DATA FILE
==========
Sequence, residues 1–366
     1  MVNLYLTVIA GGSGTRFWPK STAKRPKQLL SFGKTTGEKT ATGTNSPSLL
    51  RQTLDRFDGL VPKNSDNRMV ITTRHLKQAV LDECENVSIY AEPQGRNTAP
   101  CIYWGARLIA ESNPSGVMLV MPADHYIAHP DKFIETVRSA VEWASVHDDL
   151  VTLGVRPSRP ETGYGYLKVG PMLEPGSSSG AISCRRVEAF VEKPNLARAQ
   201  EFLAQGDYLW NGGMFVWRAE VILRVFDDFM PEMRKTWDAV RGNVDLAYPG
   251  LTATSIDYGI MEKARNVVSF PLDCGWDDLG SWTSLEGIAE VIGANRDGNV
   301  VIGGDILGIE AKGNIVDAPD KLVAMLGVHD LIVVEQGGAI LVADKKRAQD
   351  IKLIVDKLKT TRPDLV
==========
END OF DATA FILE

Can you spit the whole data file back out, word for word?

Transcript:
Sequence, residues 1–366
     1  MVNLYLTVIA GGSGTRFWPK STAKRPKQLL SFGKTTGEKT ATGTNSPSLL
    51  RQTLDRFDGL VPKNSDNRMV ITTRHLKQAV LDECENVSIY AEPQGRNTAP
   101  CIYWGARLIA ESNPSGVMLV MPADHYIAHP DKFIETVRSA VEWASVHDDL
   151  VTLGVRPSRP ETGYGYLKVG PMLEPGSSSG AISCRRVEAF VEKPNLARAQ
   201  EFLAQGDYLW NGGMFVWRAE VILRVFDDFM PEMRKTWDAV RGNVDLAYPG
   251  LTATSIDYGI MEKARNVVSF PLDCGWDDLG SWTSLEGIAE VIGANRDGNV
   301  VIGGDILGIE AKGNIVDAPD KLVAMLGVHD LIVVEQGGAI LVADKKRAQD
   351  IKLIVDKLKT TRPDLV